The new initiative, announced Monday, includes 46 members from more than two dozen government agencies who are tasked with looking back through 2009, to find where political partisanship may have exacted influence over decisions that were supposed to be evidence and research-based.
The effort, which was motivated by the previous administration’s seeming aversion to all things science, whether it be climate change or the pandemic, will be led by the White House Office of Science and Technology (OSTP).
An administration official told CNN last month, that the task force “review is less about Trump’s actions to interfere in scientific decisions and more about protecting science in the federal government going forward.”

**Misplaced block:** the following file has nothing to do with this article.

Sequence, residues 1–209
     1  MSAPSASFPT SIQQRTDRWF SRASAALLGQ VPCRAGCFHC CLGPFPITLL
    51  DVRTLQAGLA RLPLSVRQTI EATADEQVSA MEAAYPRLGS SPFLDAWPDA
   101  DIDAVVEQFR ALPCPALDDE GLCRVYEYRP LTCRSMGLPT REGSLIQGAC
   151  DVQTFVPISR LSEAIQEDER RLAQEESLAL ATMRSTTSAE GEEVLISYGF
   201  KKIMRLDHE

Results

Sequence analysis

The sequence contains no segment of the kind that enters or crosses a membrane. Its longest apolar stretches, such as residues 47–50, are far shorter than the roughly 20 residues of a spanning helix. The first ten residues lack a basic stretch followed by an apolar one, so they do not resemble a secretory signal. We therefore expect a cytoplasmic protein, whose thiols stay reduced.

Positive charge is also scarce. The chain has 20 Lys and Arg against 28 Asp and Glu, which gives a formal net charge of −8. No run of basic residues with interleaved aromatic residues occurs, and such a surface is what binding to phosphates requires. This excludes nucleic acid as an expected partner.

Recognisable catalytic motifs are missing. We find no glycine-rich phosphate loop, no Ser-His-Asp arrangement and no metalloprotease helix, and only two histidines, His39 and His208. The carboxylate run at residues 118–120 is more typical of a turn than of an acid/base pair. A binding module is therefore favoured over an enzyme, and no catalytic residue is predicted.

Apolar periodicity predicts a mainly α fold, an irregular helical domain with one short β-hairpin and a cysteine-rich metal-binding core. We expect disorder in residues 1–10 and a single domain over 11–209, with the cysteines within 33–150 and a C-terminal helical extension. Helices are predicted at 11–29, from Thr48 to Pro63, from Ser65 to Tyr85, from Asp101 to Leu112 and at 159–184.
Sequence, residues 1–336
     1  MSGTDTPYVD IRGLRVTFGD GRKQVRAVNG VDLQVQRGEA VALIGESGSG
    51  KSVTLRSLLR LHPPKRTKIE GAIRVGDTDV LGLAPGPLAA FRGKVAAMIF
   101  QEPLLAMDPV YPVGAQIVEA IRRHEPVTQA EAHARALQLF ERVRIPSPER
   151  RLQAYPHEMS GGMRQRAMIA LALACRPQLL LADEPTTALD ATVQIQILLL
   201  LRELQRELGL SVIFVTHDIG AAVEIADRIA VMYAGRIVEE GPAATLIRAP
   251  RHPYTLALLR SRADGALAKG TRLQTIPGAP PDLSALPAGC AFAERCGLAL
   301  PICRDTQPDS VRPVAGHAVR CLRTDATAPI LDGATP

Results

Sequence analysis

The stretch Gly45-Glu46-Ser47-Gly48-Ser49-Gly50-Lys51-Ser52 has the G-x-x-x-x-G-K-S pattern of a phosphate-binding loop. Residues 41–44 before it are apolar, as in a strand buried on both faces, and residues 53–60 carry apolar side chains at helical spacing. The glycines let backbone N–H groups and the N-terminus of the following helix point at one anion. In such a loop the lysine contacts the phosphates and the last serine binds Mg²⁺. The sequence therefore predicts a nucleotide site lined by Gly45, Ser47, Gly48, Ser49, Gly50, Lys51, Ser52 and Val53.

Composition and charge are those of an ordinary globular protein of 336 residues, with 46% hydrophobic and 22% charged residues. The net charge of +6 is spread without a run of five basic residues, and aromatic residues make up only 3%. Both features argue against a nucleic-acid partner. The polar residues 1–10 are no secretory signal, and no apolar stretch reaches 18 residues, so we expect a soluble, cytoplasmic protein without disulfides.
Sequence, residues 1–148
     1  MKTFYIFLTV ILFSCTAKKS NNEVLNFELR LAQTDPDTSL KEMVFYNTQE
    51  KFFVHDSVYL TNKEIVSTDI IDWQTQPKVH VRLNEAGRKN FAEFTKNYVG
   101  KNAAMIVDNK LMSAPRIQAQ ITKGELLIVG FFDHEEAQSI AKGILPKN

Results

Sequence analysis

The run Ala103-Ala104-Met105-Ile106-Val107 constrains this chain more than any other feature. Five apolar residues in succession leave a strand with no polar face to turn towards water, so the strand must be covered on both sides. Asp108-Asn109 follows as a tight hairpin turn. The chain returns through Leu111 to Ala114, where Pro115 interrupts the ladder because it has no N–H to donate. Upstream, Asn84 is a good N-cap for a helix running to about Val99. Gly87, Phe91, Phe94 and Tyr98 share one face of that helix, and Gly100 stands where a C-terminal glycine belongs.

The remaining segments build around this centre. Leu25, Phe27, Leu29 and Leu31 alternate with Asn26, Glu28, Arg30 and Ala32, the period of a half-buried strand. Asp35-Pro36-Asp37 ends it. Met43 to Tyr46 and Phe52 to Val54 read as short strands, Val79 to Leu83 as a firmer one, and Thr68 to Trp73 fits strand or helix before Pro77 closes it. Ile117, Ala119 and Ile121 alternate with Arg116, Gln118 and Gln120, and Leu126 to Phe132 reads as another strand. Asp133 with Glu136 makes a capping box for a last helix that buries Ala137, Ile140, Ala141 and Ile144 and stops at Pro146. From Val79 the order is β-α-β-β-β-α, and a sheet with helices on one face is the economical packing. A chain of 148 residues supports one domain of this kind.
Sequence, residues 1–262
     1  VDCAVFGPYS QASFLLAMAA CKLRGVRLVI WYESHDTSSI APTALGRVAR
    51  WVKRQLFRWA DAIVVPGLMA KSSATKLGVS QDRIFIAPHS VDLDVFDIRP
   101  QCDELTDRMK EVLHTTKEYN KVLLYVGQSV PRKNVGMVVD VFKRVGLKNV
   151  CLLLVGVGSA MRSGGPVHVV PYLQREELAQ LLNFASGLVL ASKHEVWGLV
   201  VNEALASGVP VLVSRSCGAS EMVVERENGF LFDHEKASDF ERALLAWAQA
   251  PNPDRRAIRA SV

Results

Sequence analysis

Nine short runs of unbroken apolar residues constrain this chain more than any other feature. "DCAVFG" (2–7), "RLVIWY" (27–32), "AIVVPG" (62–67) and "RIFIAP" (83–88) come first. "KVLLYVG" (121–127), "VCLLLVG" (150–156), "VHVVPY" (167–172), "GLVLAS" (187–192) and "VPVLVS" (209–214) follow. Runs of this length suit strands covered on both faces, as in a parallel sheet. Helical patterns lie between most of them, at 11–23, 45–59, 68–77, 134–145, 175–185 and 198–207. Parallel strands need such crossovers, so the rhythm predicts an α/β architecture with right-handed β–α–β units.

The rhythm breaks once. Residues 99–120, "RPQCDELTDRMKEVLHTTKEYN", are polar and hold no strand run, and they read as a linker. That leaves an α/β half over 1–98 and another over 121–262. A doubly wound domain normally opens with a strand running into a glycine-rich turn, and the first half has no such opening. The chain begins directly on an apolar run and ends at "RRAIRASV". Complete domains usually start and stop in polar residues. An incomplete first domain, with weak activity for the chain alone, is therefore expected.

However, Jane Lubchenco, the deputy director for climate and environment at the OSTP, used Trump’s “Sharpiegate” fiasco as an example of “political interference with scientific information that was potentially extraordinarily dangerous” in an interview with the AP.
“Sharpiegate” stems from a 2019 incident where Trump put out false information about the trajectory of Hurricane Dorian. Instead of correcting his mistake, the former president stuck with his lie and went so far as to show the media an altered weather map where a Sharpie marker was used to make it appear incorrectly that the hurricane was on track to hit Alabama, causing some to panic and endangering lives.
“We want people to be able to trust what the federal government is telling you,” Lubchenco told the AP., “Whether it’s a weather forecast or information about vaccine safety or whatever.”